by Jeff Shinabarger
The less I try to do everything, the more I value the abilities and gifts of the people around me. Just after returning from a sabbatical where my wife, Andre, and I spent considerable time choosing priorities and prioritizing family, I promised to speak at two different events on consecutive nights of the week. When I sheepishly reported my plan, she reminded me of our shared commitment.
I hate having to call someone back to change my answer, but knew it was the right thing to do. This is when I stumbled upon a significant truth. Every opportunity not right for me brings an opportunity for someone else. When I claim more than what I can handle, I limit the opportunities for another person in my community. In essence, when we choose to do what we ought to do, forsaking all else, we create opportunities and access for others.
When I declined the speaking opportunity, I asked if I could recommend a friend of mine who would be incredible for their gathering. This created access to a new opportunity for him. My “no” turned into someone else’s “yes.”
Have you ever stopped to think about how you have arrived where you are today? I guarantee you that someone gave you an opportunity. Someone believed in your abilities and gave you a platform to live out what it is that makes you breathe today. Don’t we all want to be part of a community that has the best interest of others at its heart?
The greatest love you can give a friend is to help him or her find and achieve their calling. Let me say it another way. My greatest responsibility as a friend is to help others discover what only they are made to do. I want to be involved in a community that does everything possible to help each other find the unique value that only they can contribute to the world. I want to be a part of a community that works together to create platforms for that talent. I want to do less, so my friends can do what only they can do.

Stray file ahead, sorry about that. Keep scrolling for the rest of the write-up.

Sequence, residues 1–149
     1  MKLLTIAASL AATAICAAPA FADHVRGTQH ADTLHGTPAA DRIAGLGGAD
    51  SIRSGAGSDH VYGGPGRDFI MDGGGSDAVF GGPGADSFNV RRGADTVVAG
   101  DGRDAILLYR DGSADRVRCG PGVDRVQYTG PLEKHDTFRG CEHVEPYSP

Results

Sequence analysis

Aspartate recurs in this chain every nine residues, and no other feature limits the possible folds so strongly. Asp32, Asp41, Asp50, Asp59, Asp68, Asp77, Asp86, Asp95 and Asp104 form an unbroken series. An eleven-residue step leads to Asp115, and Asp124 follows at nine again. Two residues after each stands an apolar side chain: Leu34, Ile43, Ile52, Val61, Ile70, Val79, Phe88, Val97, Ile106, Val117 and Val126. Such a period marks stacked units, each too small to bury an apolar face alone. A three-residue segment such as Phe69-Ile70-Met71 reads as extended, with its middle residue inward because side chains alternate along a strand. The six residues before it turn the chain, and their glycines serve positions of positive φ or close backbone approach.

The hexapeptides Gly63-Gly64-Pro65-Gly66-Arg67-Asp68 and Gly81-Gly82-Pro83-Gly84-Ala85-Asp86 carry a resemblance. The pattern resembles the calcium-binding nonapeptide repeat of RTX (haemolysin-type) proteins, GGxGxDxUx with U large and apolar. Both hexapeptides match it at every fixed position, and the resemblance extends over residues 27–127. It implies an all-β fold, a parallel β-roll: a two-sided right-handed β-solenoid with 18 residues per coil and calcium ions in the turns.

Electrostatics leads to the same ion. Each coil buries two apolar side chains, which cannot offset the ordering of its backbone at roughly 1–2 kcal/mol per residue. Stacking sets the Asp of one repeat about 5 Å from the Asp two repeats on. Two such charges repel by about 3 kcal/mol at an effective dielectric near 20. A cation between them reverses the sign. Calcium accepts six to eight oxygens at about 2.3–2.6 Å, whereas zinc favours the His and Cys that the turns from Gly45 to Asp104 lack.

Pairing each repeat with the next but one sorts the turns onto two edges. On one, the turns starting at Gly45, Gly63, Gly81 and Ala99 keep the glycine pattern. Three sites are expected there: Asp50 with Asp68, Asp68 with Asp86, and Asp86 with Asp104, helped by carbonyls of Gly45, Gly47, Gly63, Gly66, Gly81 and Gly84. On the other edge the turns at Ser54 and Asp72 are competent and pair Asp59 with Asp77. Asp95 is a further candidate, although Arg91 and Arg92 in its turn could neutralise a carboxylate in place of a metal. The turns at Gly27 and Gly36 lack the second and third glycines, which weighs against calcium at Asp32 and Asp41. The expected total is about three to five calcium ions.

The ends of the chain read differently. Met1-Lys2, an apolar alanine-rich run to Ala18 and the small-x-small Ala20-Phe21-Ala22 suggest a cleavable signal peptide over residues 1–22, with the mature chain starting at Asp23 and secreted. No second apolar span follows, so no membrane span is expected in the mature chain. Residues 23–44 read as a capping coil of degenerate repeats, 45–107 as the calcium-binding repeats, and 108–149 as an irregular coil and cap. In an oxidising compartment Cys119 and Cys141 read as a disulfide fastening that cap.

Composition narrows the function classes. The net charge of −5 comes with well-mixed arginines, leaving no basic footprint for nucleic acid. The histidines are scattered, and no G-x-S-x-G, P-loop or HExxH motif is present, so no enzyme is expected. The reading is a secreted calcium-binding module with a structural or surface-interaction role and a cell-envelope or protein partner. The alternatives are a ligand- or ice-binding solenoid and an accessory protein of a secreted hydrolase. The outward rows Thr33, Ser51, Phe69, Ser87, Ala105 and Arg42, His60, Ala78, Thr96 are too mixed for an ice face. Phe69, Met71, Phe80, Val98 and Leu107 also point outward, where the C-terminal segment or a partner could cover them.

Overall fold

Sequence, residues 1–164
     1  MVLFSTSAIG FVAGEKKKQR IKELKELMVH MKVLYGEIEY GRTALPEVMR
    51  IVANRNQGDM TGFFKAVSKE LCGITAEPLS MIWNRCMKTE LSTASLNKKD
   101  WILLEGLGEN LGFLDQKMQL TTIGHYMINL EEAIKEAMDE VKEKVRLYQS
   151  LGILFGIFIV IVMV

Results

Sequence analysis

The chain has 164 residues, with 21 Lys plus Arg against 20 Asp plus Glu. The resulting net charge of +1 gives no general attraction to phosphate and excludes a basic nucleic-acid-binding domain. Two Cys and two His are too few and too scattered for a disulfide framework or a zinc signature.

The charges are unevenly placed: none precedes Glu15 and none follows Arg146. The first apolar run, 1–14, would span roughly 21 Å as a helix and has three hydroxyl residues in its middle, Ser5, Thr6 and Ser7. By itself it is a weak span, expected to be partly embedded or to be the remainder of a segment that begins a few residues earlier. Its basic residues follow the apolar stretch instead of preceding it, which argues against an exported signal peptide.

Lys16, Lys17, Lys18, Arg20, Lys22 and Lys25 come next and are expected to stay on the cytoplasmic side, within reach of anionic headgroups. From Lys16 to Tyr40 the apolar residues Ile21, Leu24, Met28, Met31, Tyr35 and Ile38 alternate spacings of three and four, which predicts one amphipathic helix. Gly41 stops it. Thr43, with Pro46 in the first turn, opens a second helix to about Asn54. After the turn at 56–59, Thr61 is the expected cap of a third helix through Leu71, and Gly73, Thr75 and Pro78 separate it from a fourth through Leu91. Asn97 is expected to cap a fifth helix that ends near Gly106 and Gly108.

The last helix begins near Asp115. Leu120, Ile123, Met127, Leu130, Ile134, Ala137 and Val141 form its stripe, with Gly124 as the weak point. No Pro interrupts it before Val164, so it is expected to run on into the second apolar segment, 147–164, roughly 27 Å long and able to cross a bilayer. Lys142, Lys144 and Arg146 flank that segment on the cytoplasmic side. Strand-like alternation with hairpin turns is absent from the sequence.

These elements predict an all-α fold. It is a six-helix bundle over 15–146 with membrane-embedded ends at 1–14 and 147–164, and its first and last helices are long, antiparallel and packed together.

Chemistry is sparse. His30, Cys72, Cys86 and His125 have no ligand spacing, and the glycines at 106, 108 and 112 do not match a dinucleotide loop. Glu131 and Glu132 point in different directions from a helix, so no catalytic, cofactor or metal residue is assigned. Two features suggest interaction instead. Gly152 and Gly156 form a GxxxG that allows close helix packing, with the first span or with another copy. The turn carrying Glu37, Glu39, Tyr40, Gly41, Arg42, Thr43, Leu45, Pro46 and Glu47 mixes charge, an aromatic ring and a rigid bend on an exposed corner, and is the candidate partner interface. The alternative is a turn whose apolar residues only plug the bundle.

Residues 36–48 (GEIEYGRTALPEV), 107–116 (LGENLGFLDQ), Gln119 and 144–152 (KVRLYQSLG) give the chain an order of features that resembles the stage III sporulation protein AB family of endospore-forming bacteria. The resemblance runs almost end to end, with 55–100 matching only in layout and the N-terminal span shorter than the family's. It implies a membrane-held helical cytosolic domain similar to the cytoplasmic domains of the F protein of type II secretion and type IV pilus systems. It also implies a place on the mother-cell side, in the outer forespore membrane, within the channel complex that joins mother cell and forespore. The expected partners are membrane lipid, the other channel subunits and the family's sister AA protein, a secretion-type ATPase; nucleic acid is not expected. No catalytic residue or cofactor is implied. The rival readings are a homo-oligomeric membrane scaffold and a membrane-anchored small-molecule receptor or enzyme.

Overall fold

When you think about your aspirations for your closest friends do you really want them to succeed? Are you willing to celebrate their victories the way you’d celebrate your own? Wouldn’t you love to join a community of people helping each other pursue their dreams, aspirations, and purposes?
It starts with you and it starts with me. As you walk through your day, think about the people you love. How can you use your influence to help them succeed? What access do you have that can further the calling of a friend? When you give your opportunities and energy to serve the calling of others, everyone wins.
Jeff Shinabarger is the author of More or Less: Choosing a Lifestyle of Excessive Generosity. He is a social entrepreneur, experience designer, cofounder of the Q event, and creative director at Catalyst. He is also the founder of Plywood People, an innovative community addressing social needs through creative services. He’s been featured in national media such as CNN, NPR, and Relevant Magazine and has been interviewed by the Atlanta Journal-Constitution and the Chicago Sun-Times, among others. He and his family live in East Atlanta Village.